Sunday, October 7, 2012

Two evenings of theatre

One of the greatest (and rare) pleasures of being in Kolkata, no matter how short the stint, is the still vibrant theatre scene in the city. Taking advantage of the amazing theatre groups, great plays, fine halls, and extremely affordable (even dirt cheap) tickets is something I make a point of doing every chance I get. In keeping with this tradition, I have watched a couple of plays in the last few days. Interestingly, the experiences were vastly different.

The first play was more expensive, at 100 rupees a ticket, and by a hot, in, theatre group run and directed by a currently well known actor. The play was William Shakespeare’s Macbeth, albeit in Bangla, and the group was Kaushik Sen’s Swapnasandhani. As can be imagined, I had some really high expectations from it. Being familiar with the rich theatre culture in the state, and the history of experimentation and adaptation, I expected an interesting evening of a creative rereading or at least an adaptation of the original. Instead, what I got was a line by line, scene by scene, act by act, straight-forward staging of the original play, only translated into an archaic, old fashioned, over formal Bangla. Frankly… disappointing.

The acting, of pretty much everyone other than Kaushik himself, was average, or less than average, with Lady Macbeth – probably the most complicated, demanding, and interesting of the characters – being played by a current “serial” actress in a shallow, filmy, and nyaka way. This in itself would have been enough to ruin my enjoyment of the play. Add to this some very unimpressive acting by the rest of the cast, boring costumes, and ho hum sets, and the whole thing just wasn’t worth the ticket price. Also, it was frankly too damn long! At over three and a half hours, most of the scenes were stretched painfully, and the only ones really worth the time were the ones with the witches, and even in those half the time you couldn’t hear what they were saying.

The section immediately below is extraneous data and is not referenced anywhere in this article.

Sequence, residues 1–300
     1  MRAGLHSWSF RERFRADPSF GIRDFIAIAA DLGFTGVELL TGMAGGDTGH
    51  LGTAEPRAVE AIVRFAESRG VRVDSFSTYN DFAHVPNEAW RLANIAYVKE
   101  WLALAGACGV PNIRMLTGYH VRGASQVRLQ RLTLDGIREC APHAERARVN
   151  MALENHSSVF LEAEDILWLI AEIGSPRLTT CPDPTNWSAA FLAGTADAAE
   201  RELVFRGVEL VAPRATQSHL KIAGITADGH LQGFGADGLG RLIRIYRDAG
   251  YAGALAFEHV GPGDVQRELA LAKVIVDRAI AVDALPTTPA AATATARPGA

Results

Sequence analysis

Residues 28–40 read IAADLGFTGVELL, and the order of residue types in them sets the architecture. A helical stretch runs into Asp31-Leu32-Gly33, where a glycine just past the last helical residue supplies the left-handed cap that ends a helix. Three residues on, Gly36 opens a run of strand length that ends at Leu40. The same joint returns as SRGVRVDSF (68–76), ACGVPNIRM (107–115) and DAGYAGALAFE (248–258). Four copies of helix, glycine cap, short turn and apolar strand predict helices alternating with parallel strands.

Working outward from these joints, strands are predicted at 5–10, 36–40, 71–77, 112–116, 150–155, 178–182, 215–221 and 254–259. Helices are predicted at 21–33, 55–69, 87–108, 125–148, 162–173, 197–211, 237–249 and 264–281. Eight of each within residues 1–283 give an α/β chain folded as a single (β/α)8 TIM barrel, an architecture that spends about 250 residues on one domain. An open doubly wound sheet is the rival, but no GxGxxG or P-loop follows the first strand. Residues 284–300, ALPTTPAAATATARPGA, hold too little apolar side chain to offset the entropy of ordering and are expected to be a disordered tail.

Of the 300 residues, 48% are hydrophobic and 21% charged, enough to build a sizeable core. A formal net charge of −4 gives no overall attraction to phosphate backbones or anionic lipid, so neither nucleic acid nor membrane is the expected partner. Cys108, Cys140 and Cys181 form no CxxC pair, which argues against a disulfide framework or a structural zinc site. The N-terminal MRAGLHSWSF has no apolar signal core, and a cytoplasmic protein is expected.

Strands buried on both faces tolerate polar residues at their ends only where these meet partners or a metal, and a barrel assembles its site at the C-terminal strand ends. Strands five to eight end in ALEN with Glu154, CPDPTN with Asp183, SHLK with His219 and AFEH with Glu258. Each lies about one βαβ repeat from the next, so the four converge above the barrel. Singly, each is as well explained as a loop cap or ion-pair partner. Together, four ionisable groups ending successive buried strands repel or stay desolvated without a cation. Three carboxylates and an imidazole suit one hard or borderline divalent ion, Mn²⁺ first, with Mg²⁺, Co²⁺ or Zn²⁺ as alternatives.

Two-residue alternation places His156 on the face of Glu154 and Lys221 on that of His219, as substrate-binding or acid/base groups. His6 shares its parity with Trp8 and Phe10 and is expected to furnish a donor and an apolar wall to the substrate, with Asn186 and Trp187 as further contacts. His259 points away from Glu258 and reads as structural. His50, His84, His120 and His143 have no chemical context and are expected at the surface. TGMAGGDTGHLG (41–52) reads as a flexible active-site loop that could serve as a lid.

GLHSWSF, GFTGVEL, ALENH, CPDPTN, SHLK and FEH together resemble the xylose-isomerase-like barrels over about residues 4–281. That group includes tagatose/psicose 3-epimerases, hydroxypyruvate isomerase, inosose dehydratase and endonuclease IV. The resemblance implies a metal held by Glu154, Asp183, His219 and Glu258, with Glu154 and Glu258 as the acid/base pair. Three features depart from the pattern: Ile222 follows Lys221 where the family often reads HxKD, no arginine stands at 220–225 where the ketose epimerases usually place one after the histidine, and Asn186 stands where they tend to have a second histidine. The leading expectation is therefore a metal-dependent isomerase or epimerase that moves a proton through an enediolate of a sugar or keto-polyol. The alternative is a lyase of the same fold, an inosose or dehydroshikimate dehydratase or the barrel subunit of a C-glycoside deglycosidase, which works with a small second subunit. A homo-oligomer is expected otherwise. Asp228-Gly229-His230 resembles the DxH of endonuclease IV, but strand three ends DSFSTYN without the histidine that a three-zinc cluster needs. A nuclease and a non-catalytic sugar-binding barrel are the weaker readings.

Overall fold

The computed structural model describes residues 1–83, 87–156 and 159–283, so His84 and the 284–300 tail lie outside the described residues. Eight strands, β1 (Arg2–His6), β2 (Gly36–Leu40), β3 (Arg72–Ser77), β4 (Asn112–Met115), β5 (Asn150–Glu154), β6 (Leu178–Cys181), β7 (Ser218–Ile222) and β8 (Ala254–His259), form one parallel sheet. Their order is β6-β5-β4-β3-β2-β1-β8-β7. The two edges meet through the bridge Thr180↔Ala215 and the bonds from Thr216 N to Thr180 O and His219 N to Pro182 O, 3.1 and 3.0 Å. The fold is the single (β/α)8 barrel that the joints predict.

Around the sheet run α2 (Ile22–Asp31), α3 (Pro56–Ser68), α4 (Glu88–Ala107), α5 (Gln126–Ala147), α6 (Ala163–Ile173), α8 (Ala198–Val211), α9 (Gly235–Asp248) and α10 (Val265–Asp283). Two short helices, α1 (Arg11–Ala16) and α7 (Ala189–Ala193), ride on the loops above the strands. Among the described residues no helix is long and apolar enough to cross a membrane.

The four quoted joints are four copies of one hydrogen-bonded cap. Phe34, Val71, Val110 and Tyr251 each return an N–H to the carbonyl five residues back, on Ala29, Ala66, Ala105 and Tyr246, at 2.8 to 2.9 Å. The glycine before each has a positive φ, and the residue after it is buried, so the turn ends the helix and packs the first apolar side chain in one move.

All in all, I yawned though the entire show, and walked out with a headache and a sense of lost time and wasted effort.

And then, there was “ja nei bharote” -- ticket price Rs 40. Based on episodes from the Mahabharata, this “what India doesn’t have” was an all around pleasure. Manoj Mitra is a stalwart of Bengali theatre, and a renowned actor of Bengali cinema, and has been for decades. Whether it is the superior experience on stage and on camera, or simply better thespian ability, he comes across as a much more effortless and natural actor than Kaushik. Happily, most of the other actors were close, if not equally good, in acting ability. The play itself, Mitra’s take on the injustices in the Mahabharata, is worth spending two hours over even on its own. And no…these are not the traditionally thought of injustices like Karna. The unthinking as well as premeditated injustices and tortures physical, emotional, and mental – perpetrated on so many of the characters, especially the women, is something that traditional examinations of the epic never pay attention to.

It was great to see the re-imagining and re-reading of this most canonical of our canonical texts, the most epic of our epics. Mitra’s light touch made some very strong and pertinent points, through laughter, and kept me entertained while making me think. The issues raised, the alternatives suggested, and the parallels drawn were quite fascinating and fulfilling. Overall, an evening well spent.

It is what I expect from theatre. Don’t just show me the narrative as is, as I have seen it a thousand times in many languages. DO something with it. Twist it, break it, rethink it, ruin it, transform it, transport it, adapt it --- SOMETHING! I would much rather watch a Maqbool than a straight forward Macbeth, and I definitely enjoy the brain-food that a Ja Nei Bharote provides, even if some scenes could have been shorter, or some people less histrionic. THIS is good theatre!   

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